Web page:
▪ The possibility of an impending default or an actual default—whether on U.S. debt or other payment obligations—would have severe potential consequences for financial markets and could delay the announcement of the phasing out of reinvestment after the September meeting. A steady hand only goes so far.
The Outlook Context
The discussion of the outlook will again be dominated by discussion of the source of the slowdown in core inflation and whether recent readings suggest a decline in the underlying rate and, potentially, a slower return to the 2% objective. At the heart, this is a question of the degree of confidence in the Phillips curve-based projection of inflation moving to 2% as early as next year. In addition, there are signs that momentum in the economy may be slowing, concerns driven principally by disappointing readings on consumer spending. But the fundamentals underpinning household spending remain favorable.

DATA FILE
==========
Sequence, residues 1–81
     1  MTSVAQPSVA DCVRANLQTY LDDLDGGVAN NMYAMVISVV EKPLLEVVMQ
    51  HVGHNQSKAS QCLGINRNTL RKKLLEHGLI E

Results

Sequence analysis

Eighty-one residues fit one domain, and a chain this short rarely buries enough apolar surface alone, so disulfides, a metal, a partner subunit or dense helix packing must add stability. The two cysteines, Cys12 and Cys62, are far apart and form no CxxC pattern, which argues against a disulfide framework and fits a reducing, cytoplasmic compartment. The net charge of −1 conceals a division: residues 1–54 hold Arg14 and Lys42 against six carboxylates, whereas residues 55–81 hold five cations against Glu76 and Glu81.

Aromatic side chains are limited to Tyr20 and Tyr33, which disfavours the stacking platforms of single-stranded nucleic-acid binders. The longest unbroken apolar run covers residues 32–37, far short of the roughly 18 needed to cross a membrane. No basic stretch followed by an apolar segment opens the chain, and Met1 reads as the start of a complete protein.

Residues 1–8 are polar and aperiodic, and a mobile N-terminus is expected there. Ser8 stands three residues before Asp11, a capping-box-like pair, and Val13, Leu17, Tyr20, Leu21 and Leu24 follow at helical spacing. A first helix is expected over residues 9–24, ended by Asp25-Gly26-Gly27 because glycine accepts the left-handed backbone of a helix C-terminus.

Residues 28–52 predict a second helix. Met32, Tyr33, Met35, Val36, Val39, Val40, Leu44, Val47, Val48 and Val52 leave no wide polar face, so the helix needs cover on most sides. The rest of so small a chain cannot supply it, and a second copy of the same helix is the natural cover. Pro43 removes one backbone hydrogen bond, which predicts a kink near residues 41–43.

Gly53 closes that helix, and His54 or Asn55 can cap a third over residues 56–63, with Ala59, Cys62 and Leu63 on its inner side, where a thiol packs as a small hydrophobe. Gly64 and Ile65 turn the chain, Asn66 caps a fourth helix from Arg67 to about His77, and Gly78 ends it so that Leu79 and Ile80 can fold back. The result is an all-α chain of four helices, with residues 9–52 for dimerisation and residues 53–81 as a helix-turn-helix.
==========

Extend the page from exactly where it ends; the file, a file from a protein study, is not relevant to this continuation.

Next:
Just A Price Level Shock or Slower Underlying Inflation?
Let’s start with the facts! Core PCE inflation on a 12-month basis has slowed from a recent high of 1.8%, where it was as recently as February, to 1.4% in May. On the surface this has wiped away any sign of progress toward the 2% inflation objective over the last year and a half, defying the Phillips curve-based projections of a gradual upturn toward 2% as early as next year.
Not so fast! The Phillips curve model is about fundamentals, and policymakers recognize—but typically look through—a temporary shock to inflation associated with a one-time price level shock. That affects inflation in the near term but not the inflation forecast after that shock has passed through. In this case, a sharp decline in the price level of wireless communications services has subtracted about three tenths from the 12-